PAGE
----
I was emailed an important question the other day that I think a lot of people find confusing. The question is: If I’m supposed to keep my abdominal muscles engaged during Pilates or exercise, how do I do that and take a deep, full breath? Arguably, how do I breathe at all with my abs engaged?
The answer is you don’t. Not well anyway. When you breathe your abdominal muscles should move. They should not stay contracted, especially on a deep belly breath. Even on a lateral Pilates breathe it is not realistic to hold your abs in when you inhale.
Not sure you know what the lateral Pilates breath is? Check out this video before you continue reading:
So here are some tips to hopefully help you breathe, but remain connected with the abdominals (or take better advantage of how they should interact with your lungs and diaphragm):
- On every inhale allow the abdominals to relax as you take in air. Use the exhale as a reminder and opportunity to reconnect with them. Very often, especially when you are new to Pilates you should hear an instructor cue you: “Inhale. Engage the abs, exhale and move.” That’s the order it should come. Our ultimate goal is to have you reconnect with your abs when you breathe out, but realistically they will not and should not be engaged 24/7. Since on a deep exhale your abdominals should engage anyway, that is a good time to make sure you have control, awareness and connection.
- In Pilates when we talk about engaging the abs, we are referring to the transversus, not the obliques. That doesn’t mean we don’t engage or connect with the obliques in a Pilates class. We do, but the concepts of scooping, zipping the jeans or drawing the navel to the spine that are so typical of Pilates all refer to the transversus (the deepest layer of ab muscles that are under your rectus (six pack) and obliques.
- Be gentle. Make sure when you do engage the transversus that you aren’t sucking in as deep as you can. This engagement should be subtle, mild. I think sometimes as instructors we can make it sound like a bigger move because we are trying to get you to feel and become aware of something that is really hard to connect with. Think less is more. You just want your skin to feel taut. If sucking in as hard as you can is a level five. Try to engage to a level two at most. Do less and you might find it easier to breathe.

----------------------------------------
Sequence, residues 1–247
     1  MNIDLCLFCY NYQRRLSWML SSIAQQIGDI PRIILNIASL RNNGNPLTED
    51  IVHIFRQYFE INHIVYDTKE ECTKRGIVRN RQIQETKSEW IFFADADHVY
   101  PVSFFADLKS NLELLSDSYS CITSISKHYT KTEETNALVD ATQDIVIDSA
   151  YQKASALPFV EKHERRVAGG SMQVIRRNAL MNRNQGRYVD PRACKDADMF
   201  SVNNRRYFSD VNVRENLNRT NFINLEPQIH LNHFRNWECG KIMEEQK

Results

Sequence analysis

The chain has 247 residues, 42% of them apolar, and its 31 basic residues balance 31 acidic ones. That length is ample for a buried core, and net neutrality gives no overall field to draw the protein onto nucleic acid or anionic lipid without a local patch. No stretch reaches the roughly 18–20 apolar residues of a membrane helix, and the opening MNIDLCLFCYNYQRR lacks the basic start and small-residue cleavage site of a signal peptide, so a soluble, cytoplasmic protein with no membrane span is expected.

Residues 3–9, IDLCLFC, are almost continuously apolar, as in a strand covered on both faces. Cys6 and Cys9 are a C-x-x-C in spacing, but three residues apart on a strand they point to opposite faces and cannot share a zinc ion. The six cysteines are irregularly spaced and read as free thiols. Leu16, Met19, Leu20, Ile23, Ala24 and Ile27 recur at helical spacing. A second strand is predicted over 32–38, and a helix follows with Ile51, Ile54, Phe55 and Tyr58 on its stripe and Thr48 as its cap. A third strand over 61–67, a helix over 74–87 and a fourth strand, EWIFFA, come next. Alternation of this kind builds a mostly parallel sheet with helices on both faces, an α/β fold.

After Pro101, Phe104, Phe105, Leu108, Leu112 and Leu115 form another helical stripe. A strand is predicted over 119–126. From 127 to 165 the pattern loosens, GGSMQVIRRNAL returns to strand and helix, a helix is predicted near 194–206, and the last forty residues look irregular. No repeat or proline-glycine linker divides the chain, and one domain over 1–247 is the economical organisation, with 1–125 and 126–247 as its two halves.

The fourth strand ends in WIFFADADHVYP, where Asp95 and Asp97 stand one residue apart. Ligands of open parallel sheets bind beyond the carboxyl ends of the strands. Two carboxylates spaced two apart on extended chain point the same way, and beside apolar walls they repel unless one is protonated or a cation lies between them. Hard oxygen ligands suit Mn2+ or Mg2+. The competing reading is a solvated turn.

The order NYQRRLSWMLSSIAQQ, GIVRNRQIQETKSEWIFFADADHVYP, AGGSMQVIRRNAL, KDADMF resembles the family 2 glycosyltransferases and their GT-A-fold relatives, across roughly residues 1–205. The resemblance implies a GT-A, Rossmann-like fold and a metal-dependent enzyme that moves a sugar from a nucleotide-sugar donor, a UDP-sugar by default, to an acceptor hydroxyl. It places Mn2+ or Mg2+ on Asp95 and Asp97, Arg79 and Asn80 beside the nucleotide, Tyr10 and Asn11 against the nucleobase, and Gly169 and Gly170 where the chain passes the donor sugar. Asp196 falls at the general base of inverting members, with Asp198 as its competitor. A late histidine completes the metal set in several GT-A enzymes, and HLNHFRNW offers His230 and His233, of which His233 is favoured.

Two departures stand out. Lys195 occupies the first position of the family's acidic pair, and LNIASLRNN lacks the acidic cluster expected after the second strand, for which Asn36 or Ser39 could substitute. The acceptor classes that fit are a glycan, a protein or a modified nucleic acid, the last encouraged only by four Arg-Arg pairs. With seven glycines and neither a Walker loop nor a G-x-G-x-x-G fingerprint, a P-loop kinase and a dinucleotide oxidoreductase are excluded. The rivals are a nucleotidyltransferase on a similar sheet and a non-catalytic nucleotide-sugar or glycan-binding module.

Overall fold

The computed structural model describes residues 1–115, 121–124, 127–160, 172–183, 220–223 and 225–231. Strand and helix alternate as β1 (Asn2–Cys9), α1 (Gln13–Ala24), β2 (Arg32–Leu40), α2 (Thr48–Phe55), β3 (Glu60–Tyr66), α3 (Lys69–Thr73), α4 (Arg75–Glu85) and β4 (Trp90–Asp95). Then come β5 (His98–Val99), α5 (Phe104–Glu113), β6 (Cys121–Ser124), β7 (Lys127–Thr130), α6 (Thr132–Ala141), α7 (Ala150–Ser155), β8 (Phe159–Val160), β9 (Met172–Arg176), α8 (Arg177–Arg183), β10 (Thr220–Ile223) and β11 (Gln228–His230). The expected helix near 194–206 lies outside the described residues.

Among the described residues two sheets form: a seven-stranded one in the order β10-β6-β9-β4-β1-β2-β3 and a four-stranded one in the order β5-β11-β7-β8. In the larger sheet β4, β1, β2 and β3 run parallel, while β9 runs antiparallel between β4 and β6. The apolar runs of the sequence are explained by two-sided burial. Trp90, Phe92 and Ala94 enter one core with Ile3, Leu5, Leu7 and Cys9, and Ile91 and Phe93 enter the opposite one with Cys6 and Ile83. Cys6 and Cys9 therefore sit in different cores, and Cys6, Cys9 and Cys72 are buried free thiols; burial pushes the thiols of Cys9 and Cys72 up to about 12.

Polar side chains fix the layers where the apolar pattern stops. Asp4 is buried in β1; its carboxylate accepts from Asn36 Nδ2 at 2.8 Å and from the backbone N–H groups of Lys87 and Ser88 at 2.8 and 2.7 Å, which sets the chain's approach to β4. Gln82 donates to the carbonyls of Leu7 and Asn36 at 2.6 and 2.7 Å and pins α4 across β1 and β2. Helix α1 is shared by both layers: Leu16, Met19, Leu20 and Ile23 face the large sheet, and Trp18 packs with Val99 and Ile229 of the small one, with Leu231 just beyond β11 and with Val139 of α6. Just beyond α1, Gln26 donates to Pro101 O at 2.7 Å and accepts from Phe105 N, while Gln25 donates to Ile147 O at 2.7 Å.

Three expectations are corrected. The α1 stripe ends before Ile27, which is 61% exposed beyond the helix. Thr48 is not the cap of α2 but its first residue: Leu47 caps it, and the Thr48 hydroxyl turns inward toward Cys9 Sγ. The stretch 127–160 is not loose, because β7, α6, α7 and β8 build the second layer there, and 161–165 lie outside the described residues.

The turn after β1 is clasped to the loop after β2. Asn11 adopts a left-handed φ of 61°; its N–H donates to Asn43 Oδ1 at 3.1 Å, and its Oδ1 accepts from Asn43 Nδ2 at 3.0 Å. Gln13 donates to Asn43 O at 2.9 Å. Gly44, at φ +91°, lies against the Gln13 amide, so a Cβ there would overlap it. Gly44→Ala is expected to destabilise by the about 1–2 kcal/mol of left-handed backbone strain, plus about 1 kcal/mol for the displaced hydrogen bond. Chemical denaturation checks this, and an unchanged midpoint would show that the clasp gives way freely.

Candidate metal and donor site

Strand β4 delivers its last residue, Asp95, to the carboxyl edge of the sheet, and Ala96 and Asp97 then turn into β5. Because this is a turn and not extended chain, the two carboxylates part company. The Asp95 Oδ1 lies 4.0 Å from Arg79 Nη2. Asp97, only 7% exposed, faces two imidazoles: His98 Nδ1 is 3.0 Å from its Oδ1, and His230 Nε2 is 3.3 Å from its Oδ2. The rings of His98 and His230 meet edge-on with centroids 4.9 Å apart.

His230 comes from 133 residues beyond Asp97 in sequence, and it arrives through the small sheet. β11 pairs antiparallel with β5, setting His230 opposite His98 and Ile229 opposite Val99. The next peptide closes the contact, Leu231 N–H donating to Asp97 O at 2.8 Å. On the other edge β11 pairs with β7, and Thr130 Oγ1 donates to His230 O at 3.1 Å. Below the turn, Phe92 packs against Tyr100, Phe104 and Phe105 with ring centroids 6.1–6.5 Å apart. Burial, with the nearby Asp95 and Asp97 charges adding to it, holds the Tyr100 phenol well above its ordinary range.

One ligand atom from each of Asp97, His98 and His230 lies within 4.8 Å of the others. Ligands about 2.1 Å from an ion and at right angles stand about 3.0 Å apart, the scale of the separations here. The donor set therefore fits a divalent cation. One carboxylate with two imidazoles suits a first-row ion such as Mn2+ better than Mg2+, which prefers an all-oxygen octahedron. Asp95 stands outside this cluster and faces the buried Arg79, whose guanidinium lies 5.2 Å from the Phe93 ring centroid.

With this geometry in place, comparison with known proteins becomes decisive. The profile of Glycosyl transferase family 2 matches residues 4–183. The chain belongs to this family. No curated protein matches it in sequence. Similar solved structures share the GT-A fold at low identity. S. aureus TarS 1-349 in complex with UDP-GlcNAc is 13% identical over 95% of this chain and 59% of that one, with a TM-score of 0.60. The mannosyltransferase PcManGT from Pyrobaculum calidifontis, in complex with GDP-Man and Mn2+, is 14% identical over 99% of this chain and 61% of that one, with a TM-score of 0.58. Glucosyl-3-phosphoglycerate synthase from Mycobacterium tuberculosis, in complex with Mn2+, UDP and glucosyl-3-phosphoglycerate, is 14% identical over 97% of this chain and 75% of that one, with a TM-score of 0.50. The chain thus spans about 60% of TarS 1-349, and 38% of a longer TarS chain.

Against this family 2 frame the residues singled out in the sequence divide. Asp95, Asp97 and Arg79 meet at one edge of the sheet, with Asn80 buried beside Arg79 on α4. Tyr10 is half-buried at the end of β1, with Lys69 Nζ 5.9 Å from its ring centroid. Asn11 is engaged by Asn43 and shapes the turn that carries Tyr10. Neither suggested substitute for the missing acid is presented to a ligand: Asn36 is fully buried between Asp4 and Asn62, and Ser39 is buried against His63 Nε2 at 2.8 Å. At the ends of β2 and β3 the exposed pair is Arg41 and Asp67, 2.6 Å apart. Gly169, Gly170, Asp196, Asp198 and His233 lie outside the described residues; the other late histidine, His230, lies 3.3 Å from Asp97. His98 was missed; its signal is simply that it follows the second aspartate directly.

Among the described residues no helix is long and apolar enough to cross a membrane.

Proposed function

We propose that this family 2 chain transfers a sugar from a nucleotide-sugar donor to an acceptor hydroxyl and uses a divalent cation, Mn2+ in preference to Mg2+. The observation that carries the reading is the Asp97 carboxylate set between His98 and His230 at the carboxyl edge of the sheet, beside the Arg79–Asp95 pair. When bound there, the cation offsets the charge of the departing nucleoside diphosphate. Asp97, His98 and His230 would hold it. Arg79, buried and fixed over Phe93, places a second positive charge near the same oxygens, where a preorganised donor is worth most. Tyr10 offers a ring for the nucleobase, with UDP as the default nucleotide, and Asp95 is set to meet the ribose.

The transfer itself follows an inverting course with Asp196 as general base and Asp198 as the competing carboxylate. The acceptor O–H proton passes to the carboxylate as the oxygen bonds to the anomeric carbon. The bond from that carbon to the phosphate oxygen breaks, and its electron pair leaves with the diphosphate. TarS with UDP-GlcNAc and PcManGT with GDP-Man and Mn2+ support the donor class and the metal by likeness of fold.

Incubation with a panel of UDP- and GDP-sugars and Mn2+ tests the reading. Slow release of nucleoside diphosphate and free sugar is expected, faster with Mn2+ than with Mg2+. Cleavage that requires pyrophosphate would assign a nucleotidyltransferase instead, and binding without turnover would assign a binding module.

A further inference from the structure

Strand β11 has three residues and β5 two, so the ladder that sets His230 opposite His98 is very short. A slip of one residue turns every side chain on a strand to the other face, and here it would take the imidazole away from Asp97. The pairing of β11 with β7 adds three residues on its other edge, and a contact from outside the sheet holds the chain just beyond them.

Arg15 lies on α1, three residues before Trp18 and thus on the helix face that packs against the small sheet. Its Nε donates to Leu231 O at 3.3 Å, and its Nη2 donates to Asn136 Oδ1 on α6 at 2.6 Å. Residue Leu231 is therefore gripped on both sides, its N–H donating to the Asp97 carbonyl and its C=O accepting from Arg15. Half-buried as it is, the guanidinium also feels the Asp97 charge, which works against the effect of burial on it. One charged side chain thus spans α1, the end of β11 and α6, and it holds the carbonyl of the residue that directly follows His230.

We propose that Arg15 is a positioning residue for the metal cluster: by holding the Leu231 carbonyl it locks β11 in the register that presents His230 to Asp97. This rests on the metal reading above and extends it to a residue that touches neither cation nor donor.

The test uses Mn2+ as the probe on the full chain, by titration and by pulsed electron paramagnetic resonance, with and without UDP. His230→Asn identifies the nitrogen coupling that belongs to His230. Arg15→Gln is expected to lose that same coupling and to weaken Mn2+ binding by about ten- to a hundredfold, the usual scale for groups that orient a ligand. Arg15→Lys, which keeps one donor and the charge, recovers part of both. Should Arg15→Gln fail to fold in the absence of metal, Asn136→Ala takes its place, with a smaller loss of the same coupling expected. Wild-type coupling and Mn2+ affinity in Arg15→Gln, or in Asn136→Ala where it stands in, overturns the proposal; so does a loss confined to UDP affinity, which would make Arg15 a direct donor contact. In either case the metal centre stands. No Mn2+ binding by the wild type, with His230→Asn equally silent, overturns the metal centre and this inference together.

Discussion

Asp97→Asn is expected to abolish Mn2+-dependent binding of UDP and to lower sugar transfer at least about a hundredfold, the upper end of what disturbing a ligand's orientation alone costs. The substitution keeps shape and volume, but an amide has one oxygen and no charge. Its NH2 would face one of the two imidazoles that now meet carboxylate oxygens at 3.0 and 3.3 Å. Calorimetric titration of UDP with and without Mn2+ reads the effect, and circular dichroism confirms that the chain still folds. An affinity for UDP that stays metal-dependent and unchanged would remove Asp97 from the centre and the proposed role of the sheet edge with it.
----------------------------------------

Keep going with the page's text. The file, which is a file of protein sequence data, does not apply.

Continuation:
- The lateral Pilates breath is going to move the obliques. No way it can’t. It’s actually working the obliques. But while your transversus or lower abs will probably still release on an inhale, lateral breath allows you to keep your abs engaged a little more than a belly breath. That’s why Pilates chooses that method. That doesn’t make it better or worse than another style of breathing. All types of breath are important…even little staccato breaths. It’s never all or nothing.
- Experiment with a variety of breathing styles. Try big belly breaths that completely relax your abs. Try lateral breaths and see how much you need to move your abs. You shouldn’t feel tension. Try 3-D breaths where you expand your ribs front-to-back, side-to-side and up and down so even your Kegels get involved. I think those feel fabulous. Like any other movement style or part of the body, variety is key to remaining balanced and healthy.
Have fun playing with the body, and I hope this helps. Please let me know if it answered your question. I appreciate the question because I think a lot of people (perhaps even some instructors) are confused about this concept and Pilates gets a bad rap if this concept is misunderstood. Pilates should NOT teach us to suck in and tense our abs all day every day. Instead it should help us connect with what I like to call our sling of support throughout the day.